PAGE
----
Cowboys and conservatism

The Bolsonaro campaign was fueled by the “Beef, Bullets and Bibles” political caucus of rural politicians who partnered with evangelicals and law-and-order candidates to build a forceful alliance in the country’s legislature.

That change is embodied by the rise to stardom of rodeo announcer Cuiabano Lima, a close friend of the president, who took VICE News to one of his recent events. Bull-riding, lasso competitions, and country music were all on the menu — Brazil now has some of the best rodeo performers in the world.

“Agribusiness, without a doubt, is part of life for Brazilians,” Lima told VICE News. “Rio, São Paulo, the big cities, always forget that what pumps the blood is the Brazilian heartland. It’s what gives us pride in this country.”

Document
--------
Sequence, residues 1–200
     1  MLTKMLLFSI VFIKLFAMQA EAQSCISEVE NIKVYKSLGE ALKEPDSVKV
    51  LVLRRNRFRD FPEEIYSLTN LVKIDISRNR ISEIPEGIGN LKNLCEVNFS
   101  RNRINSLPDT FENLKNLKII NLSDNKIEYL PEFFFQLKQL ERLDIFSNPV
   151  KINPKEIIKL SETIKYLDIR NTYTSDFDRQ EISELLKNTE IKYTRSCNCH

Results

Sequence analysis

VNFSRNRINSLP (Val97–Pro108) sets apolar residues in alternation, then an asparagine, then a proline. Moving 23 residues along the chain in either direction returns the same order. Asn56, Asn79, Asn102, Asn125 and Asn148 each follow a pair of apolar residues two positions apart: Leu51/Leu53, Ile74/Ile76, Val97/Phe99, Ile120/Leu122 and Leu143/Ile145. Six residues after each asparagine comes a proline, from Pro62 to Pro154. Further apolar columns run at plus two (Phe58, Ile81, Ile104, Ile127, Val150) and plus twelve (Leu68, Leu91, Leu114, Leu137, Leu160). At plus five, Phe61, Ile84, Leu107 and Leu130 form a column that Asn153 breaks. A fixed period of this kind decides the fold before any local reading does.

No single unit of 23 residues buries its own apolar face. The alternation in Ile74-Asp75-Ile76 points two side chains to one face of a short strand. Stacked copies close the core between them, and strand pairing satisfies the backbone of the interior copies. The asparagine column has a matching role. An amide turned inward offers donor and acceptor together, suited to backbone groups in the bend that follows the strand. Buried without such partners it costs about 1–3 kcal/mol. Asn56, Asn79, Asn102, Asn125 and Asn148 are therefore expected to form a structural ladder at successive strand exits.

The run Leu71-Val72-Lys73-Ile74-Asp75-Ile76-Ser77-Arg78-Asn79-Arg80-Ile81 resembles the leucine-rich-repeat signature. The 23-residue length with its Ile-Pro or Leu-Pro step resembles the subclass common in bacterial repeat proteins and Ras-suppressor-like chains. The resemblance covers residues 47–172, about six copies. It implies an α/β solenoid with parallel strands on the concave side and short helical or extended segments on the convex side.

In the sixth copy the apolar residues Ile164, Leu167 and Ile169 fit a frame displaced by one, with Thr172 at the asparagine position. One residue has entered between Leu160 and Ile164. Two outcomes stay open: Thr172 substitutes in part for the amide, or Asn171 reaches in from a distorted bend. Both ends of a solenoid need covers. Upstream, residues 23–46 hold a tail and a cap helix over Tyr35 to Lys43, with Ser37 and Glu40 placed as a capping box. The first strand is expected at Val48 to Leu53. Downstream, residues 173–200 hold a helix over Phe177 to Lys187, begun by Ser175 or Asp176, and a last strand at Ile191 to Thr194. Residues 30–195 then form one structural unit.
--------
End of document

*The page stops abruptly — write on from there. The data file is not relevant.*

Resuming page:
That pride, and this “America First”-style mentality, is keenly felt in Brazil’s Amazon, where ranchers like Jair Oliveria see Bolsonaro as the man to take the country to the next phase of development. Oliveira owns 3,000 head of cattle and ranches on land that was forest just 15 years ago.

A logger cuts a tree deep in the Amazon. Photo by Daniel

A logger cuts a tree deep in the Amazon. Photo by Daniel Vergara.

Despite recent analysis showing at least 172,000 soccer fields of forest were cleared and burned in 2019, Oliveira agrees with Brazil’s president that the fires are being exaggerated.

“This is political — to make something that’s international, to make problems for this president. The president is a very nice president for everybody. He wants to help everybody.”

For world leaders urging Brazil to take stronger action on the Amazon to help fight climate change, Oliveira had this message: “If the climate changes, it’s not the responsibility of Brazil; it’s the whole world. If Macron wants to me to keep my forest, just pay me to keep it.”

Cover: A Guajajara man in Arariboia. Photo by Daniel Vergara.